WASHINGTON (AP) — The U.S. economy grew a bit faster at the end of last year, spurred by healthier sales for manufacturers and steady hiring that is slowly pushing up wages.
The Federal Reserve said Wednesday that its survey of economic conditions around the country found that growth was modest or moderate in 10 of its 12 districts. That is an improvement from seven in the previous report. Growth was slight in the Cleveland district and largely unchanged in New York.
Fed officials will study the survey, known as the "Beige Book," in preparation for their next meeting Jan. 31- Feb. 1. They will consider whether to raise short-term interest rates at that meeting, though few economists expect them to move so soon after their increase last month, which was the first in a year.
Manufacturers reported better sales or more orders in 10 of 12 districts, a solid turnaround from earlier this year. Cutbacks by oil and gas drillers had reduced demand for steel pipe and other factory goods, and weakness overseas cut into exports.
Consumers stepped up their shopping in most districts, the report found, though holiday sales disappointed in the Cleveland and Minneapolis regions. Businesses in some districts blamed online sales for reducing revenue for traditional brick-and-mortar retailers.
In an early sign of the impact of President-elect Donald Trump's threats to impose tariffs on goods from Mexico, sales in parts of the Dallas district that are "peso-sensitive" fell, the survey found. That suggests areas close to the U.S. border with Mexico have seen a decline in business as the value of Mexico's currency, the peso, has fallen sharply against the dollar.
The peso has declined in response to Trump's comments, reflecting an expectation among investors that fewer companies will invest in Mexico.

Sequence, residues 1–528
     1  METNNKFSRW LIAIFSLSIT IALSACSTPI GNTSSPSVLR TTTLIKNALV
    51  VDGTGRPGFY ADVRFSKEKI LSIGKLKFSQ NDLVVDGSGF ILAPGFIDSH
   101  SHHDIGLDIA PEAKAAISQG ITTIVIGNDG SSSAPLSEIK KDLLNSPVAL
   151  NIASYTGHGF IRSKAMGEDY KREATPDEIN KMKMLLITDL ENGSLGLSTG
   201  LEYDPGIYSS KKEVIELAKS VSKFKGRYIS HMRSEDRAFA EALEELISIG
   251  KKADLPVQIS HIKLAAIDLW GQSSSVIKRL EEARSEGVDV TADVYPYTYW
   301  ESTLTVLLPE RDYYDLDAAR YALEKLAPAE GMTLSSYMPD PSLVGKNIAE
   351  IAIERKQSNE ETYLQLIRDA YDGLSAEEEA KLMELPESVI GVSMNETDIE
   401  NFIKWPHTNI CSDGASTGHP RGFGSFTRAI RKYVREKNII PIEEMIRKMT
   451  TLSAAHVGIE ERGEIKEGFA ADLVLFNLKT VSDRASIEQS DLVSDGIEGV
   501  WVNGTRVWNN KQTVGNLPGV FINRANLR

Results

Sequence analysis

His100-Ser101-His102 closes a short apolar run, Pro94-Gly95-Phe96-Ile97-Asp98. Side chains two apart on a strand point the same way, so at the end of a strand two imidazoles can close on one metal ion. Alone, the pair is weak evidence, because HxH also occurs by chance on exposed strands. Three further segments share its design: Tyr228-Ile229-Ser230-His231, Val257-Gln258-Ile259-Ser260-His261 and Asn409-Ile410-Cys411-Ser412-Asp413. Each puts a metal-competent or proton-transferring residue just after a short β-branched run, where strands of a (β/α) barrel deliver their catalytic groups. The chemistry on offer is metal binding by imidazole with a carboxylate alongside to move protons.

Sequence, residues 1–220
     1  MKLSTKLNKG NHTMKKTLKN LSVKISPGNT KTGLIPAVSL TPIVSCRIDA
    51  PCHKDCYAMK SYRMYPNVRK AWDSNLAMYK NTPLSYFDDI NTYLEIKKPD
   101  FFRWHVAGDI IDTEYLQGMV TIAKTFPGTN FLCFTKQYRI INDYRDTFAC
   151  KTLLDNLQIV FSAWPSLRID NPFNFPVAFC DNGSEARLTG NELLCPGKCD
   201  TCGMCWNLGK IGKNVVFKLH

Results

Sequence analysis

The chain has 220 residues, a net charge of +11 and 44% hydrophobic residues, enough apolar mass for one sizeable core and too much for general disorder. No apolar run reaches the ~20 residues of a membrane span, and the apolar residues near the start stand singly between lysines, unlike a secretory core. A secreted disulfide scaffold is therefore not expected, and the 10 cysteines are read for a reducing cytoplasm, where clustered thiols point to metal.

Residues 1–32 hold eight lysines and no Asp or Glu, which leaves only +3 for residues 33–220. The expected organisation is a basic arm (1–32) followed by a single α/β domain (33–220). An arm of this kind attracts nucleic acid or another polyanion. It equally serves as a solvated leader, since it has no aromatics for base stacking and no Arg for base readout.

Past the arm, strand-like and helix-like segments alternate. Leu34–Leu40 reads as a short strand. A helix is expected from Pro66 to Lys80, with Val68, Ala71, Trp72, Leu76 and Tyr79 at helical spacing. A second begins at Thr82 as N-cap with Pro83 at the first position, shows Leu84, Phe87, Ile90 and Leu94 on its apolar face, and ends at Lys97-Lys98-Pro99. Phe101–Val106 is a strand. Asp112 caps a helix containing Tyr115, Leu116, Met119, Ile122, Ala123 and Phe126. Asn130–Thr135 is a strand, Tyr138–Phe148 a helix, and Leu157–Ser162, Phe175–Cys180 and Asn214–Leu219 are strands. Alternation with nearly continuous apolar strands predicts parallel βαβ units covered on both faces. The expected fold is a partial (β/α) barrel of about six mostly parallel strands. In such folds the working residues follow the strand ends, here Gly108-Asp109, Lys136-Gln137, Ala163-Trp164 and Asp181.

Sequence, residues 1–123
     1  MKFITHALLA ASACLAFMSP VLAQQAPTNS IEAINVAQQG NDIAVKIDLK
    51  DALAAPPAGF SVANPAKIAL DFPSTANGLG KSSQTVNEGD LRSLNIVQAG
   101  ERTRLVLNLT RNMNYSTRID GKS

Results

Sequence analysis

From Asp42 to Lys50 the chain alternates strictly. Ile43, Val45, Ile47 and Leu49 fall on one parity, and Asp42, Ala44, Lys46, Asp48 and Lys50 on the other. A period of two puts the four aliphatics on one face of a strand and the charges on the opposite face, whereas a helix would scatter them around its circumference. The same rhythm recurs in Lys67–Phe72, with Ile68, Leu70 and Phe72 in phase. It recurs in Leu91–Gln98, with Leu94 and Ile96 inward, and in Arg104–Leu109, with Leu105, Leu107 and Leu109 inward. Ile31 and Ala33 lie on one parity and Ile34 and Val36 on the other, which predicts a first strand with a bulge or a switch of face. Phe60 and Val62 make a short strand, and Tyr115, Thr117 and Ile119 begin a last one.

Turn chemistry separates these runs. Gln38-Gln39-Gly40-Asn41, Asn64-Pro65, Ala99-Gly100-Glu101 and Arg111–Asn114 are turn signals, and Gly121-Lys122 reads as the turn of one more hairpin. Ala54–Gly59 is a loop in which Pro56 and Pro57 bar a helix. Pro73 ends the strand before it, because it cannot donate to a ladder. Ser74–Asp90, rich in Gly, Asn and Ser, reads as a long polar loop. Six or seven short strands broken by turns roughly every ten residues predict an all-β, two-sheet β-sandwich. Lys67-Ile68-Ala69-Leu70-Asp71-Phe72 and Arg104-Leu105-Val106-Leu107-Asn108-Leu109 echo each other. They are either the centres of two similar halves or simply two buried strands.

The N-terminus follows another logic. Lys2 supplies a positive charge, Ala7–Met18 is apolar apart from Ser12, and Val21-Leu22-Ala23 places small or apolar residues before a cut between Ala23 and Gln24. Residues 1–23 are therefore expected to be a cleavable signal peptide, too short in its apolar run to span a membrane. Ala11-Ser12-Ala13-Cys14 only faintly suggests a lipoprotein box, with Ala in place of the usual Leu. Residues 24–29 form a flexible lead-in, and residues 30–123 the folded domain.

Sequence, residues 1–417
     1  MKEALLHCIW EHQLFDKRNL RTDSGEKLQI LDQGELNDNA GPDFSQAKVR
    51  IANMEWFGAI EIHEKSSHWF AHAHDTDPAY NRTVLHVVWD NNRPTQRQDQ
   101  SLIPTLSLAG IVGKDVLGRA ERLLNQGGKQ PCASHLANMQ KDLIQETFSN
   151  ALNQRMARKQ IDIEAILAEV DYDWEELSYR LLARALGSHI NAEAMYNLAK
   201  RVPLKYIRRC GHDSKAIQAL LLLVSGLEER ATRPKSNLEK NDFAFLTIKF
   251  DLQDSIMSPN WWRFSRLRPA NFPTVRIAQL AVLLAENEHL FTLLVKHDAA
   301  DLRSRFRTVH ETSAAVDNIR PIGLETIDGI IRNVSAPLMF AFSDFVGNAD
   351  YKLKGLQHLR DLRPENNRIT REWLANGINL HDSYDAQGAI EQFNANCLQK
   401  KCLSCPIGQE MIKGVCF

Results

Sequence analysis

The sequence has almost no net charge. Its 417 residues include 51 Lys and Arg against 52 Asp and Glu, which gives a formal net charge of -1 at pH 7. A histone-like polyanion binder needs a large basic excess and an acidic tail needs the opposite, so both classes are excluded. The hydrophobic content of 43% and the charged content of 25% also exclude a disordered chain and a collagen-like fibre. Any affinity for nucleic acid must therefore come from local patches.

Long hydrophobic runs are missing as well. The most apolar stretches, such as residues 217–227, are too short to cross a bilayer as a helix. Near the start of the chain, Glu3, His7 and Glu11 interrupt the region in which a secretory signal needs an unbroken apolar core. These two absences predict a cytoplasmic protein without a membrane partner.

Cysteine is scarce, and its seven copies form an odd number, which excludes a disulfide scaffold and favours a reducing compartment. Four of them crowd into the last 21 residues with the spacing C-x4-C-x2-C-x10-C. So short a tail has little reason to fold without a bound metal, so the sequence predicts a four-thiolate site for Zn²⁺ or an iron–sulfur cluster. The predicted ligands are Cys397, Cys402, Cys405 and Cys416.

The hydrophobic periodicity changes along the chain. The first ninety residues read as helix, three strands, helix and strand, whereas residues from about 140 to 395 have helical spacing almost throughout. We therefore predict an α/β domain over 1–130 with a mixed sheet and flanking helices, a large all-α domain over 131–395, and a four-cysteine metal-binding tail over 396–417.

Separately, some health care companies in the San Francisco district said they had seen lower demand due to uncertainty over the future of the Obama administration's health care reforms and future government spending policies.
With the unemployment rate low nationwide, businesses in most of the Fed's districts said they were facing pressure to raise wages to keep and attract employees. Companies also said they are having trouble finding skilled workers, while in several districts businesses were struggling to fill less-skilled jobs.
Higher minimum wages lifted pay in many districts. One company in the San Francisco region said businesses were postponing hiring to offset the costs of higher minimums.
Companies also reported paying higher costs for raw materials, which could push up overall prices and lead to higher inflation. That could spur the Fed to raise short-term rates more quickly.
The Fed boosted the short-term rate it controls to a range of 0.5 percent to 0.75 percent at its December meeting. It had pinned the rate near zero for seven years in an effort to encourage more borrowing and spending. Fed officials projected last month that they would raise rates three times this year. Most analysts expect the first hike will occur in March, if it happens at all.